Format

Send to:

Choose Destination
See comment in PubMed Commons below
J Neurosci. 2013 Dec 4;33(49):19086-98. doi: 10.1523/JNEUROSCI.2508-13.2013.

Pharmacologic inhibition of ROCK2 suppresses amyloid-β production in an Alzheimer's disease mouse model.

Author information

  • 1Center for Neurodegenerative Disease, and Departments of Neurology, Cell Biology, and Biochemistry, Emory University School of Medicine, Atlanta, Georgia 30322, Medicinal Chemistry, Translational Research Institute, The Scripps Research Institute, Jupiter, Florida 33458, Department of Pathology, University of Washington, Seattle, Washington 98104, Departments of Pathology and Neurology, Johns Hopkins School of Medicine, Baltimore, Maryland 21205, and Unit of Clinical and Translational Neuroscience and Laboratory of Behavioral Neuroscience, National Institute on Aging, Baltimore, Maryland 21224.

Abstract

Alzheimer's disease (AD) is the leading cause of dementia and has no cure. Genetic, cell biological, and biochemical studies suggest that reducing amyloid-β (Aβ) production may serve as a rational therapeutic avenue to delay or prevent AD progression. Inhibition of RhoA, a Rho GTPase family member, is proposed to curb Aβ production. However, a barrier to this hypothesis has been the limited understanding of how the principal downstream effectors of RhoA, Rho-associated, coiled-coil containing protein kinase (ROCK) 1 and ROCK2, modulate Aβ generation. Here, we report that ROCK1 knockdown increased endogenous human Aβ production, whereas ROCK2 knockdown decreased Aβ levels. Inhibition of ROCK2 kinase activity, using an isoform-selective small molecule (SR3677), suppressed β-site APP cleaving enzyme 1 (BACE1) enzymatic action and diminished production of Aβ in AD mouse brain. Immunofluorescence and confocal microscopy analyses revealed that SR3677 alters BACE1 endocytic distribution and promotes amyloid precursor protein (APP) traffic to lysosomes. Moreover, SR3677 blocked ROCK2 phosphorylation of APP at threonine 654 (T654); in neurons, T654 was critical for APP processing to Aβ. These observations suggest that ROCK2 inhibition reduces Aβ levels through independent mechanisms. Finally, ROCK2 protein levels were increased in asymptomatic AD, mild cognitive impairment, and AD brains, demonstrating that ROCK2 levels change in the earliest stages of AD and remain elevated throughout disease progression. Collectively, these findings highlight ROCK2 as a mechanism-based therapeutic target to combat Aβ production in AD.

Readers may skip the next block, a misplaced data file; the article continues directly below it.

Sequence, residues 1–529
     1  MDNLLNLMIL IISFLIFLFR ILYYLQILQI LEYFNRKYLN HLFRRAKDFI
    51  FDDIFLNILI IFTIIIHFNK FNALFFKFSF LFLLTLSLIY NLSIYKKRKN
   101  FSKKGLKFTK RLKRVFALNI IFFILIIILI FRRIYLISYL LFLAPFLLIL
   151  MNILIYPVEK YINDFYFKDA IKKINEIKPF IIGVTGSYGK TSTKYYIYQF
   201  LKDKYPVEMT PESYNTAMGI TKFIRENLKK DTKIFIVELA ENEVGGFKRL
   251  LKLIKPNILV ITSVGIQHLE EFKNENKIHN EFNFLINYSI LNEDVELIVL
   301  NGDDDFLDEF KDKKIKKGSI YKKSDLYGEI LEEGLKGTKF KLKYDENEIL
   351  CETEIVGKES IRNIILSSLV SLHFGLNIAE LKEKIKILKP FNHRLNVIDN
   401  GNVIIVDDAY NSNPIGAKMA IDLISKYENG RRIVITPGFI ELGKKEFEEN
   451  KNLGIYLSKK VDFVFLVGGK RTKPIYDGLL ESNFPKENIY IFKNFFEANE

PMID:
24305806
[PubMed - indexed for MEDLINE]
PMCID:
PMC3850036
Free PMC Article
PubMed Commons home

PubMed Commons

0 comments
How to join PubMed Commons

    Supplemental Content

    Full text links

    Icon for HighWire Icon for PubMed Central
    Loading ...
    Write to the Help Desk